To say that this Belgian offering isn't as straightforward as other documentaries is an understatement. In a war-torn Afghanistan a platoon of child soldiers barter and steal from passing caravans, whose cargo usually opium, to keep up their war effort and perhaps, as their defacto leader hopes, will impress a girl back home. Meanwhile, their elder counterparts (American and Afghan soldiers) are dug in, calling in air strikes on suspected snipers in the Kunar Valley.
quot;God said, I have made a mistake," when doling out lands to kings, forgetting to include one king. To atone, God gives the king a land He envisioned as His garden – the beautiful but desolate landscapes of Afghanistan. Opening with this narration that seems to be culled from a mythic telling of the birth of the country, The Land of the Enlightened makes the point that the current conflict is just another episode in its troubled history. The talk among the child soldiers of Obama removing American troops (and the kids finding mines and shells from the Soviet-Afghan War) is likened to an ancient Afghan king fearing an invasion from Genghis Khan: Afghanistan has survived the American invasion just as it survived the Russian army and the Mongol hordes.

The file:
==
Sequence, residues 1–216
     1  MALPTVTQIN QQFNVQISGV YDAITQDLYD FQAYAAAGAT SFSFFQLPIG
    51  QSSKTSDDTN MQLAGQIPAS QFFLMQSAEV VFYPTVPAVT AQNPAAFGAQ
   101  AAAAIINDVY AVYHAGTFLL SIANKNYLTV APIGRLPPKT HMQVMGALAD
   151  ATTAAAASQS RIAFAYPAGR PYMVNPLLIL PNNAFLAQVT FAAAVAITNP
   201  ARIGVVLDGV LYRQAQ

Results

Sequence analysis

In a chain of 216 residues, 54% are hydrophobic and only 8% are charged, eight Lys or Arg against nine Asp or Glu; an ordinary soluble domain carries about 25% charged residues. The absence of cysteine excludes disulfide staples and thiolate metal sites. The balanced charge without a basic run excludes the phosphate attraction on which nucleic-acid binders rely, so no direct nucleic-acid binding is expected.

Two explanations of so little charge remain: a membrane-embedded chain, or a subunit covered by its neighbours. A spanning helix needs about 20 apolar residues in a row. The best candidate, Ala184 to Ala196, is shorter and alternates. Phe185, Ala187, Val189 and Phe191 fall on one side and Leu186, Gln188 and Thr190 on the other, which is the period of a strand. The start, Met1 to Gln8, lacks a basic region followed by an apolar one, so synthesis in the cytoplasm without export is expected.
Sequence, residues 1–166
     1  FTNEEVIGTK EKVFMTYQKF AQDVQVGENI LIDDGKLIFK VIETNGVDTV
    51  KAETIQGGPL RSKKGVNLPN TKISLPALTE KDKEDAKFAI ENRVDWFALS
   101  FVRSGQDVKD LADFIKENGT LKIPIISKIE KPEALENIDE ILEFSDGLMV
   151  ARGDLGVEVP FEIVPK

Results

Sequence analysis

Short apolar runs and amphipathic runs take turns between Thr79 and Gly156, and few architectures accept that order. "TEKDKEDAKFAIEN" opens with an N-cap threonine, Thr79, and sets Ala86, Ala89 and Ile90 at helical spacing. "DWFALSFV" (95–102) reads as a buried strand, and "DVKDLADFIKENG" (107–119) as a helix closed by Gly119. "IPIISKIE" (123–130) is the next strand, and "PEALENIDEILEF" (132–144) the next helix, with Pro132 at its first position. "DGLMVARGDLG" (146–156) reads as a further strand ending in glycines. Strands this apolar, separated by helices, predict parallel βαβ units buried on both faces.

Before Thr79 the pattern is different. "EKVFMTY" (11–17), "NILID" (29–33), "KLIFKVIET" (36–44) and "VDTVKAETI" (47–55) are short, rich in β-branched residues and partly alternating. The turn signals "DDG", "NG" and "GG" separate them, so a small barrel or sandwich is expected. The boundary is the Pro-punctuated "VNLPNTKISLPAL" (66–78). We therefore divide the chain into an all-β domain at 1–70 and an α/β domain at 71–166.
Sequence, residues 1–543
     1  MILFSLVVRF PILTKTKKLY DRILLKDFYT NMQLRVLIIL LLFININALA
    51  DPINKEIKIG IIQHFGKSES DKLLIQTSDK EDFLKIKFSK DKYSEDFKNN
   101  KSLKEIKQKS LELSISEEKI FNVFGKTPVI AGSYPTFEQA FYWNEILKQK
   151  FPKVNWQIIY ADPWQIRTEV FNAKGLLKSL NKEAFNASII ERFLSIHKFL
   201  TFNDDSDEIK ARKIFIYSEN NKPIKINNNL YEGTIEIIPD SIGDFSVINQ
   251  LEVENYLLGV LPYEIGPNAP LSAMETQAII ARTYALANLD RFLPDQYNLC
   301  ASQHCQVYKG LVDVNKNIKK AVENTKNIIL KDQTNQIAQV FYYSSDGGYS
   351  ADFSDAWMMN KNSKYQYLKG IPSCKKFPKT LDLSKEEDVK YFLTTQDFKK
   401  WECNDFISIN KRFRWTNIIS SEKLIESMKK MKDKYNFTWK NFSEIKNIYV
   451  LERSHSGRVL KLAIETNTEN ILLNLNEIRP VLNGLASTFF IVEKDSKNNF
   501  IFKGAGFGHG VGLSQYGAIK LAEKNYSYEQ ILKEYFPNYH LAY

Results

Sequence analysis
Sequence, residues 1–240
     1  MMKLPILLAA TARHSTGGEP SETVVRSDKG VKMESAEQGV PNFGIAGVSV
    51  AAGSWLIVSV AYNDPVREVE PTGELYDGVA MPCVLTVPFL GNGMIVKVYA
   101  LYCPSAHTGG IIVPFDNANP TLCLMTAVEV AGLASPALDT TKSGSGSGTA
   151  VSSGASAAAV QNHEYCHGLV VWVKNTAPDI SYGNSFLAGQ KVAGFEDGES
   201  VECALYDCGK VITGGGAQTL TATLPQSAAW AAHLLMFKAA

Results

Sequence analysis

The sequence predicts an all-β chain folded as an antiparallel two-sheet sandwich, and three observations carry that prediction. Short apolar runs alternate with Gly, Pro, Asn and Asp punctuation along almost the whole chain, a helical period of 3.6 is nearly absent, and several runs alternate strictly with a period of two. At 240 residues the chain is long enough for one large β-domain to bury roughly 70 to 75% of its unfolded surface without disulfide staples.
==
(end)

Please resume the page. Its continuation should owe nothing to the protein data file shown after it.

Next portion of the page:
ut that message gets lost in the inane and repetitive scenarios that follow. The Land of the Enlightened veers into docu-drama territory with director De Pue hoping that the day-to-day business of being a child soldier, and what it means to serve in a boring army camp, will sustain interest. It’s a big ask as there’s not a lot of excitement to be had bar the occasional caravan attack or shelling. Most of the footage is of the child soldiers scrounging around for water and food and the various things the American/Afghan platoon do to stave off boredom. The bizarrely eclectic soundtrack - ranging from classical to traditional folk to techno - can distract too.